I finished a book a couple of weeks ago that I suspect is going to be very significant in my thinking over the coming years: Binmore’s Natural Justice. Kenneth Binmore is my kind of thinker (Keynes is another) – a mathematician turned economist, equally at home with philosophy and the real world (Binmore’s team designed the UK’s 3G spectrum auctions which raised £22bn).
Natural Justice uses technical game theory to explore the way in which our need to coordinate within groups leads (through biological and cultural evolution) to our tendency towards justice and morality. (Please don’t interpret this as suggesting that morality isn’t real or important in its own right.)
At the heart of any coordination problem is the Nash equilibrium. John Nash (portrayed by Russell Crowe in A Beautiful Mind) proposed this idea of any situation where no agent had any incentive to unilaterally change their behaviour.
The most famous example of a Nash equilibrium is the prisoner’s dilemma, but a more practical example is driving: if all drivers drive on the left of the road, it generally makes sense to drive on the left.
This example points to the insight that there may be multiple Nash equilibria, and not all equally good or stable. Everyone driving on the right is also a stable equilibrium. Everyone choosing randomly is also an equilibrium, although a clearly inferior one and unstable (any bias will tend to reinforce itself, leading to a new equilibrium). Another insight from is that societies can be guided towards equilibria, for example, with traffic laws.
Binmore will appeal to many conservatives/economists when he claims that societies should not aim for coordination utopias that are not Nash equilibriums – these are unstable and unlikely to persist. However, in a challenge to many conservatives/economists, he reminds readers that there is no good reason to assume that we are in nash equilibrium at any time, or that the equilibrium we are closest to is the only or best one. Far from suggesting we should be laissez-faire, he endorses a big role for thinkers to help us discern the best Nash equilibria, and ways to achieve them.
This compromise appealed resonated with how I think. While I recognise that a huge amount of good in the world is done out of altruism, I never want my society to be reliant on it, or to be able to be gamed. And I’m far more interested in helping people see what is in their interest, than by trying to convince them to act against their interest.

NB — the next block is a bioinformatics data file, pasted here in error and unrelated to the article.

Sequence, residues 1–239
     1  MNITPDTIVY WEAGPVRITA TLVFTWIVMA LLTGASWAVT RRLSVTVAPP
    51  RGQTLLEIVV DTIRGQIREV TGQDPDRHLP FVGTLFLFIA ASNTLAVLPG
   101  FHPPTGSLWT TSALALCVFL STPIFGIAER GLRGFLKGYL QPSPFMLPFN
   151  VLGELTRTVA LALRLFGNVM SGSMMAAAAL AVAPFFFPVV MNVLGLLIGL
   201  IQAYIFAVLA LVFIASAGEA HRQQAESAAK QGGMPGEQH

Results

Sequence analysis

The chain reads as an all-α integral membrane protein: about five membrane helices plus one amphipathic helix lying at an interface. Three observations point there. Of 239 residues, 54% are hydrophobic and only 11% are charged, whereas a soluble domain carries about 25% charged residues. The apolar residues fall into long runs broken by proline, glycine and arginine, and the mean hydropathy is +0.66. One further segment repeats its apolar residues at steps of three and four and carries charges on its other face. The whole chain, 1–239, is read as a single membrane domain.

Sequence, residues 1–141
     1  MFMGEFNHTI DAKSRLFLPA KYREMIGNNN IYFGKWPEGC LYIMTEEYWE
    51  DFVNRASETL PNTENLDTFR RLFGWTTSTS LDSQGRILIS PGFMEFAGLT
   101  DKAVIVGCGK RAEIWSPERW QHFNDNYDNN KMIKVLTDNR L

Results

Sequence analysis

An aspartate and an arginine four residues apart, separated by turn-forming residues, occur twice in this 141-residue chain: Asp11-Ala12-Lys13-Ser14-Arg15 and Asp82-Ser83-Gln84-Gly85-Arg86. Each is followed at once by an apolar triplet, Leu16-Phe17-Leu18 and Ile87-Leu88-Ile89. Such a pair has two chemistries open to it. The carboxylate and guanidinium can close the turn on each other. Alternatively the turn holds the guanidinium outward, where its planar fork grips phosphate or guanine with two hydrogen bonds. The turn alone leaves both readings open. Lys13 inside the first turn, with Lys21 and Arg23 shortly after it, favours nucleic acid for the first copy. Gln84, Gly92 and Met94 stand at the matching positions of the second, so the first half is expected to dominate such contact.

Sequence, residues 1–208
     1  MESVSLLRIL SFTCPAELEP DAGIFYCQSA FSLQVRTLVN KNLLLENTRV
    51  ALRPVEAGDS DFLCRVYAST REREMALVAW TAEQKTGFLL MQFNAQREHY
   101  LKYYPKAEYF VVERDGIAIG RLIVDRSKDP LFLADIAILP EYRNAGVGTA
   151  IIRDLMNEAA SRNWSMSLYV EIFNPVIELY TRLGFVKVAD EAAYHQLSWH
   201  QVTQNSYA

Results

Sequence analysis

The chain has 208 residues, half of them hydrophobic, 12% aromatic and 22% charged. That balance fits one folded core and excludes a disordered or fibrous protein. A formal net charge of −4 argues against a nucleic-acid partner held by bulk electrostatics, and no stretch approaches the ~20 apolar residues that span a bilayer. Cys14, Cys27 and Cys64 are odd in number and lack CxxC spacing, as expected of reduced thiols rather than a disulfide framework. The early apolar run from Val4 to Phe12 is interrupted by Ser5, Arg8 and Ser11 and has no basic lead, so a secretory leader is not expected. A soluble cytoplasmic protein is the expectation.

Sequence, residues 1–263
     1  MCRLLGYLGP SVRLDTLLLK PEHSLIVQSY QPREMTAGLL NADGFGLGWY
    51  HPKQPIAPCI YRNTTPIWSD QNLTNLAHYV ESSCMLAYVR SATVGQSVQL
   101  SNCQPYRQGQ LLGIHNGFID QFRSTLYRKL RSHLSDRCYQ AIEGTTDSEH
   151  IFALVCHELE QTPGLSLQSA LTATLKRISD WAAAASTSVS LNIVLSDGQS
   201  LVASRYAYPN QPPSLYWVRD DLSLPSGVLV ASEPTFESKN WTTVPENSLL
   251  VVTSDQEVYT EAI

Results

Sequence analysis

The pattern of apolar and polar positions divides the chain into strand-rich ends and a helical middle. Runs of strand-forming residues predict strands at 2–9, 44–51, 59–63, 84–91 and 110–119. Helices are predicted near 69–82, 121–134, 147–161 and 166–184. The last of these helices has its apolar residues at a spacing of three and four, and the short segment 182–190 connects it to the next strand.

Many treatments of game theory ignore questions of enforcement; Natural Justice argues availability of enforcement is pivotal to which situations are equilibria. For example, me working for payment on completion only makes sense if I believe the outcome can be enforced. Trust or social norms may be a replacement for enforcement in the short term, but they are likely to be insufficient in the long run.
The book ties this distinction into the argument between utilitarianism (that things should arranged to maximise overall utility) vs egalitarianism (that things should be arranged to improve the position of the person with least utility). Binmore suggests that with the ability to enforce contracts, we will end up with utilitarianism, but without it we will end up with egalitarianism.
Another significant contribution of the book is its consideration of what economists call Interpersonal Comparison of Utility. I clearly value outcomes for myself, though I don’t ignore the value of outcomes to others. Some economists argue that we cannot objectively compare other people’s utility to our own. The book argues, more pragmatically, not only that we do take others’ utility into account, but that this is a useful evolved mechanism. I’m sure my understanding of this idea would benefit from a second reading of the book.
I’ve got a couple of other books on social contract and game theory to get through, so I am certain that my thinking will evolve, but I felt this introduction was a good start.